The members of international firm WATG’s Urban Architecture Studio took out first prize in the Freeform Home Design Challenge, which invited architects, designers, engineers and artists to propose a 3D-printed dwelling.
Their project – titled Curve Appeal – comprises a curvaceous, arching structure made up of panels that create an exterior skin and an interior core. These are combined to form the roof and large portions of the facade.
Competition organiser Branch Technology, a US construction company, has developed its own mix of plastic and carbon fibre that can be printed into a “self-supporting cellular matrix”.
This technique will be used to create the panels, which will be welded together to produce continuous surfaces.
“The initial design surfaces of the house will be broken down and optimised for printing the 3D cellular matrix,” the team told Dezeen. “These portions will be aggregated together to form a singular cohesive structure.”
Expanding spray foam and concrete will then be added to the structure, both for strength and to form a weather barrier. Finally, elements such as glazing and interior finishes will be installed.
The brief asked for a single-family home measuring between 600 and 800 square feet (56 and 74 square metres), including a kitchen, bathroom, living area and one bedroom.
Consideration of mechanical, electrical, plumbing and lighting services was also required, as well as passive solar design strategies.
WATG – also known as Wimberly, Allison, Tong and Goo – incorporated large sections of glazing into its design to minimise the need for artificial lighting, while the archways are intended to blend the building into its site – the location of which is undisclosed.
“Curve Appeal is a very thoughtful approach to the design of our first house,” said Branch Technology founder Platt Boyd. “It responds well to the site conditions, magnifies the possibilities of cellular fabrication and pushes the envelope of what is possible, while still utilising more economical methods for conventional building systems integration.”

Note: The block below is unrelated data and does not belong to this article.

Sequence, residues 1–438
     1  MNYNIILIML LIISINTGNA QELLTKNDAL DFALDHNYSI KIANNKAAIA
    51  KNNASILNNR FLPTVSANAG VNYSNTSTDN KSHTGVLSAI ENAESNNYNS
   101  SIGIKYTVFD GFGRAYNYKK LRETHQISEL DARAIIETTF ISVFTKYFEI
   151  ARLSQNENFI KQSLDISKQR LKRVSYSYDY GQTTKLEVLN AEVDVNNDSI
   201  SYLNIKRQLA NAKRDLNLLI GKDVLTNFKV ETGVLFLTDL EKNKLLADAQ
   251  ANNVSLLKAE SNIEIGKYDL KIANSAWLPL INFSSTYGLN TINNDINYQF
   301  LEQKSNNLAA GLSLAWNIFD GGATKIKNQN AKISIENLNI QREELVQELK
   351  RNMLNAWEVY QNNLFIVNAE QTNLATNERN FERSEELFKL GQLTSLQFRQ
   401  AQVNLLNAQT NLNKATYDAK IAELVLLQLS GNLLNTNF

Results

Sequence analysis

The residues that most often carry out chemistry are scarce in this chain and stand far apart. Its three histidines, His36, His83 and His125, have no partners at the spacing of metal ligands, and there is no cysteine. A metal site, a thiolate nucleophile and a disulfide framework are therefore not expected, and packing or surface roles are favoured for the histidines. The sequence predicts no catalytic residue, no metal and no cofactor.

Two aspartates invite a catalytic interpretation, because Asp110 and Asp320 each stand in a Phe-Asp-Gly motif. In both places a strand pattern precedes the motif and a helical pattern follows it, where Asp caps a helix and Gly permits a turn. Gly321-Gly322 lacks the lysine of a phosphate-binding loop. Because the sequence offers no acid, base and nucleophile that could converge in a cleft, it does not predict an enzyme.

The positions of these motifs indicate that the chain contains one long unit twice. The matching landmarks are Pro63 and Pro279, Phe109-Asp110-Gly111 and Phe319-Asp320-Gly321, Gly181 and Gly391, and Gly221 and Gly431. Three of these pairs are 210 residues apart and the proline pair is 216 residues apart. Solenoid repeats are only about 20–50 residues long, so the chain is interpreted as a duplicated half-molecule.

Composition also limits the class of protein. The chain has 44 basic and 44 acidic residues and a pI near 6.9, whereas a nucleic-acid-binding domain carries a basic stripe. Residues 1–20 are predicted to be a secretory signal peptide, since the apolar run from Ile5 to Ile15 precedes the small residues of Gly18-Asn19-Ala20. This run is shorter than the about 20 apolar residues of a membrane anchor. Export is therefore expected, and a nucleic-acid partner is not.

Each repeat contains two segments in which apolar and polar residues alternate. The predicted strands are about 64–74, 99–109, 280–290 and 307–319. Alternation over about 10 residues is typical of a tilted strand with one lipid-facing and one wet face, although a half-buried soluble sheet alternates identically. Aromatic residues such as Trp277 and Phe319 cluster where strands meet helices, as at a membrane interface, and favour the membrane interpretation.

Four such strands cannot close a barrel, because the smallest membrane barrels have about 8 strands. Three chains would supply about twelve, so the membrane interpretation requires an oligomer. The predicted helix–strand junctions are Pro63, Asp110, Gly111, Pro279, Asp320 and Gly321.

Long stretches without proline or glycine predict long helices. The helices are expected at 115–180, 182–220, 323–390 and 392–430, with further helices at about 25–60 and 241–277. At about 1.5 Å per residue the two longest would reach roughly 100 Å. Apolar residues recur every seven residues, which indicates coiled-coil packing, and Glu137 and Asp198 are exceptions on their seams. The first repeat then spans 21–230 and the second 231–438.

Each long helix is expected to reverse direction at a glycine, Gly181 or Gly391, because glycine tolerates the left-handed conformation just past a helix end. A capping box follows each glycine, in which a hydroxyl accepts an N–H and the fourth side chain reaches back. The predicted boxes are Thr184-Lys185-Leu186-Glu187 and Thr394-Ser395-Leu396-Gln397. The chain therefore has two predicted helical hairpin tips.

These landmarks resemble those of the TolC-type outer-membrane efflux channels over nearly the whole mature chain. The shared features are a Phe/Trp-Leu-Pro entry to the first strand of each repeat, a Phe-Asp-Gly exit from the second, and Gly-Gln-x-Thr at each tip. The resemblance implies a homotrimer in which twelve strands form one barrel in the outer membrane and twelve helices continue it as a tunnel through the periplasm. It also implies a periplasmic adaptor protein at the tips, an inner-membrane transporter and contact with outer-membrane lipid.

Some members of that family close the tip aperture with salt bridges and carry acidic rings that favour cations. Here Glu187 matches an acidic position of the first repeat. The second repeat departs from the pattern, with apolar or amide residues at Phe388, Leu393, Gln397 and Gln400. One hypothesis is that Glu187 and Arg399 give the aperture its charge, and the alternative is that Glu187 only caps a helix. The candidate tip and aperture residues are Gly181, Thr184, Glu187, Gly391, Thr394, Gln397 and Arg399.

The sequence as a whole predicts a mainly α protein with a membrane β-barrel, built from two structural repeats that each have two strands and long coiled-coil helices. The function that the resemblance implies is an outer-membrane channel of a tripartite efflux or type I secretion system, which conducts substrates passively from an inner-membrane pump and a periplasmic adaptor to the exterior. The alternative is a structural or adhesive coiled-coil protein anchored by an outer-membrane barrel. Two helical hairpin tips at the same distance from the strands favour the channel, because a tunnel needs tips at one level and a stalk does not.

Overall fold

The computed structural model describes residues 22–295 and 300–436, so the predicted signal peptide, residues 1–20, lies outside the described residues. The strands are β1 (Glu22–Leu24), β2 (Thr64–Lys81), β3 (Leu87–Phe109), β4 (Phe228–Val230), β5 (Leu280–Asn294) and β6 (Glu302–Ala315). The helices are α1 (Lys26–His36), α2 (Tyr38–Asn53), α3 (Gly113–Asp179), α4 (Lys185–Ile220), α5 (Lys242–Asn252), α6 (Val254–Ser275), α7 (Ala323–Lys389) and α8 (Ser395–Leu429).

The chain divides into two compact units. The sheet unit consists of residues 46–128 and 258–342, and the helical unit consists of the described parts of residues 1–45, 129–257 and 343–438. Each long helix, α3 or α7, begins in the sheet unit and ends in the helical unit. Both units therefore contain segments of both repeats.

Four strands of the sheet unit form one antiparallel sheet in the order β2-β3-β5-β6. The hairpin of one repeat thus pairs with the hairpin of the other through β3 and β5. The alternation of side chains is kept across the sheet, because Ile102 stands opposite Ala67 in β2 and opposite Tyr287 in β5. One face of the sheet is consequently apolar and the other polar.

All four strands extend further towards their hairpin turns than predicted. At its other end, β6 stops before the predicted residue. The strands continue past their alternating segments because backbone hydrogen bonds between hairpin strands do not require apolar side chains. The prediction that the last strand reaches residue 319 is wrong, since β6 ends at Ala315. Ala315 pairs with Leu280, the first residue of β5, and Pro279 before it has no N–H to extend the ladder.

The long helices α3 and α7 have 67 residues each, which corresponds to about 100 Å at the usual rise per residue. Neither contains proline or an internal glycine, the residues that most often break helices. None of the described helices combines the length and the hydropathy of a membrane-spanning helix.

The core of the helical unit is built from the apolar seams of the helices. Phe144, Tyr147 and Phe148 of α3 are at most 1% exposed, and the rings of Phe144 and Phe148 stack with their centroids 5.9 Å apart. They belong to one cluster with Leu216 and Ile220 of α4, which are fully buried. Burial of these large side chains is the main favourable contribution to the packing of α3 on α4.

Planning for the construction will now take place at Branch Technology’s lab in Chattanooga, Tennessee. and the printing is expected to begin in 2017.
A variety of techniques for 3D printing architectural structures have been proposed recently. A group of University of Tokyo students developed a 3D-printing pen that can create complex structures out of plastic sticks, while startup MX3D is using robots to print out a canal bridge for Amsterdam.
Earlier this year, a 3D-printed bioplastic was combined with a tensile fabric structure to create facades on a building for hosting European Union meetings.
“Digital modelling has advanced rapidly where geometrically complex organisations are easily achieved,” said the WATG team. “However, there still remains several hurdles in order to realise them as built projects.”
“A laborious process of rationalisation, optimisation and panelisation of designs, the financial implications of mass customisation and more complicated construction techniques are some of the issues that one frequently encounters,” they added.
“The promise of 3D printing is that it can collapse those limitations, which is a fundamental shift in the relationship between architecture, construction and manufacturing.”
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